Article 32.6 of the 2012 Swiss Rules specifies that “originals” of the award shall be signed by the arbitrators (see also ICC’s Guidance Note on Possible Measures Aimed at Mitigating the Effects of the COVID-19 Pandemic).

The common practice in some institutions is for the arbitral tribunal to sign the award in wet ink, scan it as a PDF attachment, upload it to the virtual platform (if any) or send it electronically, and send a signed hard-copy original of the award to the parties and/or the institution by courier or registered mail (see, for example, SCC’s Platform Guidelines).

According to CIArb’s Guidance Note on Remote Dispute Resolution Proceedings, “[e]ven though digital technology is rapidly becoming a widely accepted business and legal tool, it is advisable to keep key procedural documents in both soft and hard copies, containing signatures of participants where necessary. The same applies to arbitral award […] as some national courts may reject enforcement if such documents were produced solely via digital means.” (emphasis added) Thus, in an age of digital technology, it seems that there remains a preference for signing arbitral awards in wet ink.

Nevertheless, the recently revised LCIA Rules take a different stance. Article 26.2 of the 2020 LCIA Rules (effective 01 October 2020) sets as the default rule that, unless otherwise agreed by the parties, or if the arbitral tribunal or LCIA Court directs otherwise, “any award may be signed electronically”. The author is not aware of other international arbitration rules with a similar provision on e-signatures in arbitral awards. The draft of the 2021 ICC Rules is silent on e-signatures, but evidences a general shift away from paper filings (see here).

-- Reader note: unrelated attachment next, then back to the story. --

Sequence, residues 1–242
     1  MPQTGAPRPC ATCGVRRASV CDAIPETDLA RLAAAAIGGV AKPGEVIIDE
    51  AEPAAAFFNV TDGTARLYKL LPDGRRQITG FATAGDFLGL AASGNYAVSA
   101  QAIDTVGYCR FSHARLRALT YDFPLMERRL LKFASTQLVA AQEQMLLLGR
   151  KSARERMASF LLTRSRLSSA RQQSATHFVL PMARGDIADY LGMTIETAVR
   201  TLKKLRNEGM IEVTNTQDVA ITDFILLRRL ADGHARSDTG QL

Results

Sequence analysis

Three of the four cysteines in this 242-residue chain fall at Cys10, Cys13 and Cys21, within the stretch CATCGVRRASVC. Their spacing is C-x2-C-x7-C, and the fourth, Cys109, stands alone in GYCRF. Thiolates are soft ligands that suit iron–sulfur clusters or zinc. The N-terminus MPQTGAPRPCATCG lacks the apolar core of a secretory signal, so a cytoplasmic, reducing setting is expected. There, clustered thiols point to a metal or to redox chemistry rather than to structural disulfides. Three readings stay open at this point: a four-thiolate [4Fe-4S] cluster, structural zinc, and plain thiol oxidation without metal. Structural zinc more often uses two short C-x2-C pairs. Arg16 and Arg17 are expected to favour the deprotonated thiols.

The e-signature of arbitral awards was not contemplated in the drafting of the NYC and under some jurisdictions arbitral awards may still need to be signed in wet ink. Arbitrators should therefore carefully assess the formal legal requirements in any potential enforcement forum before e-signing an arbitral award electronically. Such practice may be welcomed in some cases, depending on the jurisdictions involved.

There are no known cases to date in which the recognition or enforcement of an award has been refused because of the lack of compatibility of an electronic signature in an arbitral award. This issue, however, is likely to arise soon. In case it does, the award creditor may seek to resubmit the award with improved documentation. If the NYC were to be reformed to adapt it with technological change, Article 9 of the United Nations Convention on the Use of Electronic Communications in International Contracts could be seen as a starting drafting point concerning the form requirements of an arbitral award and arbitration agreement (for more on this topic, see here). It is yet to be seen if the LCIA Court or the parties will direct the tribunal to sign the award in wet ink or if the arbitrators will opt out themselves from the default option listed in Article 26.2 of the 2020 LCIA Rules.